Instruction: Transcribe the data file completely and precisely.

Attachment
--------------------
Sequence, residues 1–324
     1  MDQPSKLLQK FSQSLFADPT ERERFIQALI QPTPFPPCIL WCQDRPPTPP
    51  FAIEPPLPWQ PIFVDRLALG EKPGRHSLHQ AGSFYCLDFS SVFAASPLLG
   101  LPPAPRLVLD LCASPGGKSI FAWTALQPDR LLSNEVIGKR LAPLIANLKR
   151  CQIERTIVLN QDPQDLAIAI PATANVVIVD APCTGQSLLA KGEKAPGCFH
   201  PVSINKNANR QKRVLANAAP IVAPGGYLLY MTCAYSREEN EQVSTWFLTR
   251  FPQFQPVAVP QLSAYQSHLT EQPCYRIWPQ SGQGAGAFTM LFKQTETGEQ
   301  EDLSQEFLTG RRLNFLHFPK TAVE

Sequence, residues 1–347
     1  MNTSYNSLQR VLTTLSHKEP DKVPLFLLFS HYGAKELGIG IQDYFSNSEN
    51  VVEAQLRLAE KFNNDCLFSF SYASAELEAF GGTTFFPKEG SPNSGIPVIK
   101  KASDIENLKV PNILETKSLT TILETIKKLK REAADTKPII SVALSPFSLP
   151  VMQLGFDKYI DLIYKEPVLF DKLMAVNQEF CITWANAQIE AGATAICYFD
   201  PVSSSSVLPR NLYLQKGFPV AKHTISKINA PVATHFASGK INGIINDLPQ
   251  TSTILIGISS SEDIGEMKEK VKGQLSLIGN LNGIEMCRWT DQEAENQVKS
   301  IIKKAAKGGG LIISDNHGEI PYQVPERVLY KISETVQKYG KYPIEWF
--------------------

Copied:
Sequence, residues 1–324
     1  MDQPSKLLQK FSQSLFADPT ERERFIQALI QPTPFPPCIL WCQDRPPTPP
    51  FAIEPPLPWQ PIFVDRLALG EKPGRHSLHQ AGSFYCLDFS SVFAASPLLG
   101  LPPAPRLVLD LCASPGGKSI FAWTALQPDR LLSNEVIGKR LAPLIANLKR
   151  CQIERTIVLN QDPQDLAIAI PATANVVIVD APCTGQSLLA KGEKAPGCFH
   201  PVSINKNANR QKRVLANAAP IVAPGGYLLY MTCAYSREEN EQVSTWFLTR
   251  FPQFQPVAVP QLSAYQSHLT EQPCYRIWPQ SGQGAGAFTM LFKQTETGEQ
   301  EDLSQEFLTG RRLNFLHFPK TAVE

Sequence, residues 1–347
     1  MNTSYNSLQR VLTTLSHKEP DKVPLFLLFS HYGAKELGIG IQDYFSNSEN
    51  VVEAQLRLAE KFNNDCLFSF SYASAELEAF GGTTFFPKEG SPNSGIPVIK
   101  KASDIENLKV PNILETKSLT TILETIKKLK REAADTKPII SVALSPFSLP
   151  VMQLGFDKYI DLIYKEPVLF DKLMAVNQEF CITWANAQIE AGATAICYFD
   201  PVSSSSVLPR NLYLQKGFPV AKHTISKINA PVATHFASGK INGIINDLPQ
   251  TSTILIGISS SEDIGEMKEK VKGQLSLIGN LNGIEMCRWT DQEAENQVKS
   301  IIKKAAKGGG LIISDNHGEI PYQVPERVLY KISETVQKYG KYPIEWF